The process of lining up the conductive copper and insulating dielectric layers and pressing them under heat to trigger the adhesive in the dielectric layers to form a strong board product.

The procedure of drilling all of the holes for plated through applications; a second drilling procedure is utilized for holes that are not to be plated through. Details on hole place and size is included in the drill drawing file.

The process of applying copper plating to the pads, traces, and drilled through holes that are to be plated through; boards are positioned in an electrically charged bath of copper.

This is required when holes are to be drilled through a copper location however the hole is not to be plated through. Avoid this procedure if possible since it adds cost to the ended up board.

The procedure of using a protective masking product, a solder mask, over the bare copper traces or over the copper that has had a thin layer of solder used; the solder mask secures against ecological damage, offers insulation, safeguards against solder shorts, and secures traces that run in between pads.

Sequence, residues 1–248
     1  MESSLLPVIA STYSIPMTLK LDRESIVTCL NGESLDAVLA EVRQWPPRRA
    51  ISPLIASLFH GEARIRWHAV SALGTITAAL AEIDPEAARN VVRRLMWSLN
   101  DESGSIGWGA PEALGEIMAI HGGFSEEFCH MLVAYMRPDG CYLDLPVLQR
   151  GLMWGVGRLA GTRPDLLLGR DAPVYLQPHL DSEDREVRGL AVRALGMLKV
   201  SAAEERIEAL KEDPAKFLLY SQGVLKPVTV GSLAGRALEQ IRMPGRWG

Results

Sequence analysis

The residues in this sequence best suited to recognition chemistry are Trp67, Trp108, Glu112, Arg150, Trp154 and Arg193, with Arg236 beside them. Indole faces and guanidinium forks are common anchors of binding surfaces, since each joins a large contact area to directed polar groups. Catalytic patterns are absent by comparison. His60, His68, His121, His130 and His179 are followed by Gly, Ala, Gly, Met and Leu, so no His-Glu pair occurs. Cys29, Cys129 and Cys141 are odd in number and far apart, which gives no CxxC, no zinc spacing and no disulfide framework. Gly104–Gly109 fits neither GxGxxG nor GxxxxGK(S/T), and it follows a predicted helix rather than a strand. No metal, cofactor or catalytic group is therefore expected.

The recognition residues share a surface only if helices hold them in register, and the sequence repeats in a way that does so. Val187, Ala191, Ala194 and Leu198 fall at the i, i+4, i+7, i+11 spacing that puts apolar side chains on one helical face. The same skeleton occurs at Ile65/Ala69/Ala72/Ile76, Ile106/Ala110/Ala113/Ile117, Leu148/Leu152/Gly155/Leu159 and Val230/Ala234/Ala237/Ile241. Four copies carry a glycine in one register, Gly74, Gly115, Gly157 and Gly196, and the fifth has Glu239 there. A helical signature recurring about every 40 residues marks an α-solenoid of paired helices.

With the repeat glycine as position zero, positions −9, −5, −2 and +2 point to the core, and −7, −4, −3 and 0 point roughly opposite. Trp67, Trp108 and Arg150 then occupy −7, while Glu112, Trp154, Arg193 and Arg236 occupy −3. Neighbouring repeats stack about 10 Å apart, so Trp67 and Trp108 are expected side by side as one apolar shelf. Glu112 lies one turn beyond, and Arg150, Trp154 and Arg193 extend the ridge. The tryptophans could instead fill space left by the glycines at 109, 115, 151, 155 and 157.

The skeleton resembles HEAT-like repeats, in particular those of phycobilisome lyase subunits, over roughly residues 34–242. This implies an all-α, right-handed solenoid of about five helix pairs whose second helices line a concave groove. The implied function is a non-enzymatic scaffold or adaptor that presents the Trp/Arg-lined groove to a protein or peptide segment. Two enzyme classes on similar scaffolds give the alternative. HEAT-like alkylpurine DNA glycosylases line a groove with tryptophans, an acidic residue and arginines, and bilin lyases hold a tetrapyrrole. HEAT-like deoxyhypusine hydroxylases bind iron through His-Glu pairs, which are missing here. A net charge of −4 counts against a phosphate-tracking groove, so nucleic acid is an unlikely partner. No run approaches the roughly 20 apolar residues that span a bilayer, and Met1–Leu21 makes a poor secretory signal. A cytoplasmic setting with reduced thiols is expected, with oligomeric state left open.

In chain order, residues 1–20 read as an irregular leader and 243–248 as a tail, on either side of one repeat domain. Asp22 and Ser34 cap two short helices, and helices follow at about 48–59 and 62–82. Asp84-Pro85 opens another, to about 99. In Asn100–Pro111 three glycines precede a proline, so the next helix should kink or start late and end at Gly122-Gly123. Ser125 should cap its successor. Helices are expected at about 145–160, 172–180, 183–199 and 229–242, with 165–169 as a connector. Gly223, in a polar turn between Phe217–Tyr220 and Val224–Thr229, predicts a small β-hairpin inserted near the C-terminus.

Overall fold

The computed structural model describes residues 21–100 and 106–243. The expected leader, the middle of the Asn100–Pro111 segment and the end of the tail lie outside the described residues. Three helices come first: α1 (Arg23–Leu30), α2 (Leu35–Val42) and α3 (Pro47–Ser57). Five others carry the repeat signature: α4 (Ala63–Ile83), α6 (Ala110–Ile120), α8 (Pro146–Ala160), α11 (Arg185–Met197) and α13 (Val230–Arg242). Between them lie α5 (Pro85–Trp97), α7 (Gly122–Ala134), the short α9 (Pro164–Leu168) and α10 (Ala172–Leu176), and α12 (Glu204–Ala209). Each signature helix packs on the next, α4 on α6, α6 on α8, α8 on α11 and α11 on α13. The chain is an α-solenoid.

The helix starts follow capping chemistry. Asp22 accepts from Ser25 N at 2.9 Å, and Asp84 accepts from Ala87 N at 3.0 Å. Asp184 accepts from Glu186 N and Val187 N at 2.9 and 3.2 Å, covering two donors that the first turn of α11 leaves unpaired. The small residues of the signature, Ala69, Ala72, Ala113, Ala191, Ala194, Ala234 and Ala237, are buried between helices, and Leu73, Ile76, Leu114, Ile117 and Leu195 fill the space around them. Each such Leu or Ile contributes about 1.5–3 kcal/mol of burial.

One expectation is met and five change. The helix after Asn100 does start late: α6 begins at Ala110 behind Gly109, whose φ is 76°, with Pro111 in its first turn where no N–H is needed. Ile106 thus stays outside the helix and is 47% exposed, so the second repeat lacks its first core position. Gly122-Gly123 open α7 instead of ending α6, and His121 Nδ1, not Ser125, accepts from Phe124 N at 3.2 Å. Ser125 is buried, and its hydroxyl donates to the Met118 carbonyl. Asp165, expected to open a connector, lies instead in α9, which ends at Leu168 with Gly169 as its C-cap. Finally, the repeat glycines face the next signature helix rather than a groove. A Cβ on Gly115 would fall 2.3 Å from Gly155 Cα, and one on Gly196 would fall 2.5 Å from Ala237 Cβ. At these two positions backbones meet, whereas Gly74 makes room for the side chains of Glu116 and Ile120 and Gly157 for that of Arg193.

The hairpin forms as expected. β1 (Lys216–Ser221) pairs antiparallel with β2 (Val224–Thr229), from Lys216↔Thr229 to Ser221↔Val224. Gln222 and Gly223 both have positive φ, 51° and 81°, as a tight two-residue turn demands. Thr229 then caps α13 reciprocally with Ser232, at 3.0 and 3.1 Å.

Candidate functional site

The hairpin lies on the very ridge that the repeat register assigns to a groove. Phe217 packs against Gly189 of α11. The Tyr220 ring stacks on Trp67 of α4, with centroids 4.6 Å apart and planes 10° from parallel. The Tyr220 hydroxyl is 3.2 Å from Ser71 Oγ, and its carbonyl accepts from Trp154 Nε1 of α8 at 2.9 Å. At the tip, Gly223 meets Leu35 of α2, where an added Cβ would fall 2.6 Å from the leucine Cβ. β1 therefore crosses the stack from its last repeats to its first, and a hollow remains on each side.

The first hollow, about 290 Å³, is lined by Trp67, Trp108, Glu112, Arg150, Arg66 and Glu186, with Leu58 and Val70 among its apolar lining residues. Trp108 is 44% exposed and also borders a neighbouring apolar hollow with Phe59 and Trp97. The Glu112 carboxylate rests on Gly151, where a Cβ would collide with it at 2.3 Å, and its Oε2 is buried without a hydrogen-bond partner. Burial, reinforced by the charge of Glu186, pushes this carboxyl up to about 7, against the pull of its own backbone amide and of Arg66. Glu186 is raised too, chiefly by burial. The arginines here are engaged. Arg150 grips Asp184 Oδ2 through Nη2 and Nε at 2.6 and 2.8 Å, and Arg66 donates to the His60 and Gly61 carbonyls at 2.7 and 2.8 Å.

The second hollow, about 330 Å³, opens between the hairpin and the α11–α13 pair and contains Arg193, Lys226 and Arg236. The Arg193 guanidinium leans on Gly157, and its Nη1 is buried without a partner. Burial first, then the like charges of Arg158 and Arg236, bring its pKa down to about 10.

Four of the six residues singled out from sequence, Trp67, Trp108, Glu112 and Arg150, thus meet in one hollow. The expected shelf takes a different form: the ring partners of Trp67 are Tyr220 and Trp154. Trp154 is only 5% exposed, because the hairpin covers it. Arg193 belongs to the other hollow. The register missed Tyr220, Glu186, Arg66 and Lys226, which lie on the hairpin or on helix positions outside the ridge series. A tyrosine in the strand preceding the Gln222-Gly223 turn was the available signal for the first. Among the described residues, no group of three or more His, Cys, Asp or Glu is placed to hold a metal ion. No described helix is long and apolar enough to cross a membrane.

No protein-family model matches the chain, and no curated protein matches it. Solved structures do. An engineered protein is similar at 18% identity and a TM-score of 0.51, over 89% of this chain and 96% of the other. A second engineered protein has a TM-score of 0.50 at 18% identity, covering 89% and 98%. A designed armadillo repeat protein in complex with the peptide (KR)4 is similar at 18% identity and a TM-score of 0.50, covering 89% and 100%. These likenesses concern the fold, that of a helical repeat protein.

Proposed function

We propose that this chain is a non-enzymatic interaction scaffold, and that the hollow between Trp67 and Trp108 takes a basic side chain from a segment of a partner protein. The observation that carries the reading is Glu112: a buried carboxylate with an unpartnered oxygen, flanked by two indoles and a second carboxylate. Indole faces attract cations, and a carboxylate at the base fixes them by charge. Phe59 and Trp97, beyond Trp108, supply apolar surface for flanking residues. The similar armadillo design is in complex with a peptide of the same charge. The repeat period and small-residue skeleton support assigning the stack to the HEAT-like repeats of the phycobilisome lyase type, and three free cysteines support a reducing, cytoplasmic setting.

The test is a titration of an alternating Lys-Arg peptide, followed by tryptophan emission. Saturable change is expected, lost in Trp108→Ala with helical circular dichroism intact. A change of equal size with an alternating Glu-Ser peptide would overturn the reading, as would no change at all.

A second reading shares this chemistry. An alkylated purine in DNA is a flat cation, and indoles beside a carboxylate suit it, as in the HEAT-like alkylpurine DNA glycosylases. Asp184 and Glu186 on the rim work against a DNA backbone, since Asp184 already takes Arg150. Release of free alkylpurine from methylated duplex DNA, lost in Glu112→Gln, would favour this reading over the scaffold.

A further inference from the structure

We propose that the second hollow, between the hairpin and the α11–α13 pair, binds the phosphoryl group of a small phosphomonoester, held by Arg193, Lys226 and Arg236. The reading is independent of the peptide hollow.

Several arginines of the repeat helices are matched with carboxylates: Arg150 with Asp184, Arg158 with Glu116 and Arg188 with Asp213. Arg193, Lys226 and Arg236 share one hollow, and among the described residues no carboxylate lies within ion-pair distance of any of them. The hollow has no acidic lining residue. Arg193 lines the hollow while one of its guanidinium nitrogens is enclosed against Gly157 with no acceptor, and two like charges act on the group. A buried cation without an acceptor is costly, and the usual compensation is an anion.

The process of coating the pad areas with a thin layer of solder to prepare the board for the eventual wave soldering or reflow soldering process that will take place at a later date after the components have actually been placed.

The process of using the markings for part classifications and component details to the board. Might be used to simply the top or to both sides if parts are installed on both leading and bottom sides.

The process of separating multiple boards from a panel of identical boards; this procedure also enables cutting notches or slots into the board if required.

A visual evaluation of the boards; likewise can be the procedure of inspecting wall quality for plated through holes in multi-layer boards by cross-sectioning or other methods.

The process of looking for continuity or shorted connections on the boards by ways applying a voltage in between various points on the board and determining if an existing flow happens. Relying on the board intricacy, this procedure might require a specially developed test component and test program to integrate with the electrical test system used by the board producer.